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HASSO HERING

A perspective from Oregon’s mid-Willamette Valley

For rail buffs, this Albany track is a gift

Written July 30th, 2018 by Hasso Hering

Albany’s Water Avenue is a gift for rail fans like me. The old Oregon Electric track runs down the middle of the street for seven blocks, and right next to it for 14 more, giving us a close look at train operations. And sometimes a different sort of rig.

For residents on Water this is nothing new. For passersby like me –usually on my bike  — it’s a matter of being there when something interesting goes down the track. On Monday, I managed to free my phone barely in time to record the passing of this machine:

The Portland & Western leases the track from BNSF and uses it for daily freights to and from Eugene. Which reminds me: How about the occasional excursion train for paying passengers interested in seeing the hinterlands of the mid-valley from the window of a passing train?

The Albany & Eastern Railroad, based in Lebanon, does that sort of excursion, running between Lebanon and Sweet Home. Judging from the accounts and photos that appear on social media, it’s always a great success, a memorable occasion for those who take part.

Portland & Western was not opposed to that kind of thing when it was still based in Albany and operating as the Willamette & Pacific. In 1993 the railroad took people on a one-time excursion from Albany to Toledo and back. In 1996, if memory serves, it briefly ferried people to and from North Albany during the winter flood.

As a working railroad that’s part of a big international concern (Connecticut-based Genesee & Wyoming Inc.), the PNWR’s first obligation is to run a successful business. But a little extra, such as connecting with the public by means of occasional passenger runs, would not come amiss.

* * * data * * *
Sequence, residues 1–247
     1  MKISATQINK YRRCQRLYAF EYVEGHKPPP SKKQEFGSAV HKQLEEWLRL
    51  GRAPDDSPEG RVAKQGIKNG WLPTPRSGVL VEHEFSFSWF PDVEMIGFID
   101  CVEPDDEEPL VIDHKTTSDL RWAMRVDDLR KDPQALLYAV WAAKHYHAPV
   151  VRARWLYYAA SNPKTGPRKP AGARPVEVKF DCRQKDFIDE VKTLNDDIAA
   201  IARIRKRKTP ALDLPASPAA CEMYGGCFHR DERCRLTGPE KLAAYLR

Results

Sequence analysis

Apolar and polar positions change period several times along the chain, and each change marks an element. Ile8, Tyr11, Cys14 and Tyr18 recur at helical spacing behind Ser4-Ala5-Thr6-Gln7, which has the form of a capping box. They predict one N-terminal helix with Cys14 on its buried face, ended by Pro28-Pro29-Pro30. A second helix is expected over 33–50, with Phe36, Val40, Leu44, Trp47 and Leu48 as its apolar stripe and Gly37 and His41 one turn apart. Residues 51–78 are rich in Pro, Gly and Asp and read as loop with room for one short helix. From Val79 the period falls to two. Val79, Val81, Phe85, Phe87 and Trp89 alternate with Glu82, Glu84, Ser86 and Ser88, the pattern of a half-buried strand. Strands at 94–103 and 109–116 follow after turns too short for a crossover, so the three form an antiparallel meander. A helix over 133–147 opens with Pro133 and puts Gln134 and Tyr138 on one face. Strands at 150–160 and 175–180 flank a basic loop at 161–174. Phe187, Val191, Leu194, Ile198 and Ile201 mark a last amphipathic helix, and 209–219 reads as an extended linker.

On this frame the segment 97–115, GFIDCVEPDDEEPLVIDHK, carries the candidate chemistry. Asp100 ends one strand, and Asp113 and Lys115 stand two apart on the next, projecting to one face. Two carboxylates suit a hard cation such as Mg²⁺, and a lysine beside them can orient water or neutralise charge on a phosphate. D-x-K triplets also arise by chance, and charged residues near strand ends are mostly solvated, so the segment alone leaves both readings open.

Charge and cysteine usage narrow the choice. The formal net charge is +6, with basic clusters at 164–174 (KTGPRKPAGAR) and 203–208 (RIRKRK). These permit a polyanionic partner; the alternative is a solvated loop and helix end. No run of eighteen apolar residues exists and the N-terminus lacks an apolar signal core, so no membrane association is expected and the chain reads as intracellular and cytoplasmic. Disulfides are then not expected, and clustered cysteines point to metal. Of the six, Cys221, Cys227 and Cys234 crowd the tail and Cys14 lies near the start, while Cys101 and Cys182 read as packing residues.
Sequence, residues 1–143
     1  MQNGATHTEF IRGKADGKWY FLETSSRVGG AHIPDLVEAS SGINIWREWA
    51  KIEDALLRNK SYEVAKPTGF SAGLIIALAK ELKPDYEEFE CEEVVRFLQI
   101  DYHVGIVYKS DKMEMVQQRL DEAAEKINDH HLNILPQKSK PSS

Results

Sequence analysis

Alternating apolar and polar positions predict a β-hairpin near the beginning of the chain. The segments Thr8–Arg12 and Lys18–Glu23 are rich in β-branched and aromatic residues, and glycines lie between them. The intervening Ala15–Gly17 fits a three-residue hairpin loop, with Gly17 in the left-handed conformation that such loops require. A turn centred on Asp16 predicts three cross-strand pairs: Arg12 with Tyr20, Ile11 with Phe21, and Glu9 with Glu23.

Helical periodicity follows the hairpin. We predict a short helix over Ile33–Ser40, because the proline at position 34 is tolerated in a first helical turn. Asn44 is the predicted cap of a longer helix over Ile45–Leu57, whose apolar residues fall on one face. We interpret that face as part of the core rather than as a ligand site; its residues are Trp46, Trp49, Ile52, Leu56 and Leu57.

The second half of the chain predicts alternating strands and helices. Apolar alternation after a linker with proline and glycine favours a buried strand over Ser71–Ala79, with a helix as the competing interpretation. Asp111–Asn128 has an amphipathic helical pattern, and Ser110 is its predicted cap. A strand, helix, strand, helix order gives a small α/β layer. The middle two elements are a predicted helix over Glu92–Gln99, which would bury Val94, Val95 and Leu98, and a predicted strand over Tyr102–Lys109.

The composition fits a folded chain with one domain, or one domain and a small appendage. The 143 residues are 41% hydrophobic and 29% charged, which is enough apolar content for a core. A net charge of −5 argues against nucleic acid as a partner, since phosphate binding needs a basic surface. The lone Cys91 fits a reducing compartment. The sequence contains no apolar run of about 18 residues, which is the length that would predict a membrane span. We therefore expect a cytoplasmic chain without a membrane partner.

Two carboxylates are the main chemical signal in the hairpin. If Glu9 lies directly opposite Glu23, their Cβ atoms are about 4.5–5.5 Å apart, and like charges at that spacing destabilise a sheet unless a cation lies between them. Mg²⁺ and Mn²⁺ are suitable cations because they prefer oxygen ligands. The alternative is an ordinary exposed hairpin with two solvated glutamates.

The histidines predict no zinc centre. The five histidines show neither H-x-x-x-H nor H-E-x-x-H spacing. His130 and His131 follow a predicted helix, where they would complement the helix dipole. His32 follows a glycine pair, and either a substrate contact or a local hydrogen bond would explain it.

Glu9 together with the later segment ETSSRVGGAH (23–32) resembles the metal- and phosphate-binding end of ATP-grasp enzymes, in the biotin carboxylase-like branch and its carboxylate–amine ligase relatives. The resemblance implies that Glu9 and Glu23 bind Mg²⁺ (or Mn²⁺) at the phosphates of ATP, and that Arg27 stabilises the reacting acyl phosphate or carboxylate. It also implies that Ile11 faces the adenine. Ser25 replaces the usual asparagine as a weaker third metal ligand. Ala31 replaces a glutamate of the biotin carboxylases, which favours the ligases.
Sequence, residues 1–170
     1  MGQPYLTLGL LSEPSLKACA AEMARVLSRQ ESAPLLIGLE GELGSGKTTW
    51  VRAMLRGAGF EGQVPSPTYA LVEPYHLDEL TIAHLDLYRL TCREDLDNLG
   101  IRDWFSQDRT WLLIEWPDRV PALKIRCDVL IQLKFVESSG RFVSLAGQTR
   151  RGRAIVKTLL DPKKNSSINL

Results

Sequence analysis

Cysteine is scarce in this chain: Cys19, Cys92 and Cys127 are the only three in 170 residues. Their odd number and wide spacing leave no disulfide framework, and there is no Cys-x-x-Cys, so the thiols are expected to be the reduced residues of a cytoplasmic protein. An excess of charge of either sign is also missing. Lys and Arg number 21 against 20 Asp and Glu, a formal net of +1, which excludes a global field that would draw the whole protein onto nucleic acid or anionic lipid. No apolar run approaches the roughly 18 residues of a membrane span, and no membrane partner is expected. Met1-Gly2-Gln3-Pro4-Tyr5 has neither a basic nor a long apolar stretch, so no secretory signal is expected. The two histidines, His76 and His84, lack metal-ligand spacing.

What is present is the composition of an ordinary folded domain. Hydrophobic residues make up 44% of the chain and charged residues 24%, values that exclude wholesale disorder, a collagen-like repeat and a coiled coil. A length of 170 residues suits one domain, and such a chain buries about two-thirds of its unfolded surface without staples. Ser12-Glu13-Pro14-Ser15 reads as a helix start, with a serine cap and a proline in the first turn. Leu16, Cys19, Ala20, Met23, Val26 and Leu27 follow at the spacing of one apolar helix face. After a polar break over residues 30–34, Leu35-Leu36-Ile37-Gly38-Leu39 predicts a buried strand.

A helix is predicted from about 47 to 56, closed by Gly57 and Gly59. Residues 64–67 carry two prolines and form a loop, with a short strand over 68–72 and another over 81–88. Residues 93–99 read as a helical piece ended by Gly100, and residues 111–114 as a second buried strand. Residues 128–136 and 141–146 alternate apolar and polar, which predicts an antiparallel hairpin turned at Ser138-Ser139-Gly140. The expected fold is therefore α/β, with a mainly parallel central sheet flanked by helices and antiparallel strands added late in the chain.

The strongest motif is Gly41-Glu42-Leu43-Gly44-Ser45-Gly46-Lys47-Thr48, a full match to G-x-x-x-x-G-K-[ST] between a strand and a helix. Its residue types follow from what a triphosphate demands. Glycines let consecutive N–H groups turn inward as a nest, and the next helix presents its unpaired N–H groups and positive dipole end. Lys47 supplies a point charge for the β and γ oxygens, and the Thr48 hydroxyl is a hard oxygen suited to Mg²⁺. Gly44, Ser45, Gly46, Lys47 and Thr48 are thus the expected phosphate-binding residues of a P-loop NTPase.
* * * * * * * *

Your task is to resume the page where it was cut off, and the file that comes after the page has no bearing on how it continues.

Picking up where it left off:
Especially in Albany, where a segment of the track runs down the middle of the street in one of the original parts of town, such a project would truly be a gift. (hh)



6 responses to “For rail buffs, this Albany track is a gift”

  1. Jim Schulte says:

    That, when it was Willamette & Pacific, was when the railroad actually had a President of the line that cared about the railroad and the public image. That was Robert Melbo. I don’t know who they have now, but ever since Bob left, this line has become a very unfriendly public image.
    The old saying still goes, “you reap what you sow,” and the Genesee & Wyoming top leadership have truly shown their hand! I have no mercy or words of praise for them. I grew up one block from the Old OE, the Spokane, Portland & Seattle Ry. My Mother, Grandmother and my Aunt traveled up and down the entire valley on the old OE. It is a far cry now from what it was then. I watched and recorded trains of all kinds on Water Avenue in Albany for years, even riding on trains from Albany to Eugene and back (freight) and from Albany to Sweet Home and back. Things are certainly different now.

  2. Paul B says:

    Amtrak Cascades goes almost the same route as the PNWR to Eugene, I feel an excursion train would be a little redundant

    • Taylor says:

      Yes, but Amtrak Cascades is on a very undersirable line (UPRR) away from the city centers. As well as a lack of interest from ODOT. Amtrak Cascades is going downhill fast with maintainance issues, not running on time, and poor ridership in Oregon. An excursion train on the OE would be great and draw attention and interest to the communities along the OE.

      • Paul B says:

        I would say The Brooklyn Subdivision goes through more towns than PNWR: Jefferson, Woodburn, Gervais, Aurora. Cascades has been relatively on time. 511 has been an average of 3 min late to Eugene the last 60 days, and 505 has been an average of 20. I’m thinking we need to enjoy the service we have now, not plan new trains.

  3. Doug Klinkebiel says:

    I still miss hearing, growing up in Shedd, the symphony of steel on its approach. Or, on sleepless nights, the gentle hum and vibration through my bed when one of the behemoths would take the side rail and idle endlessly. Dreamland was not far off.

    And for all things railroad with the coolest shirts and everything else under the sun, check out http://www.daylightsales.com. You’ll be hooked.

  4. J. Jacobson says:

    Bob Dylan said it best:

    “Big-time negotiators, false healers and woman haters
    Masters of the bluff and masters of the proposition
    But the enemy I see
    Wears a cloak of decency
    All nonbelievers and men stealers talking in the name of religion
    And there’s a slow, slow train coming up around the bend”

 

 
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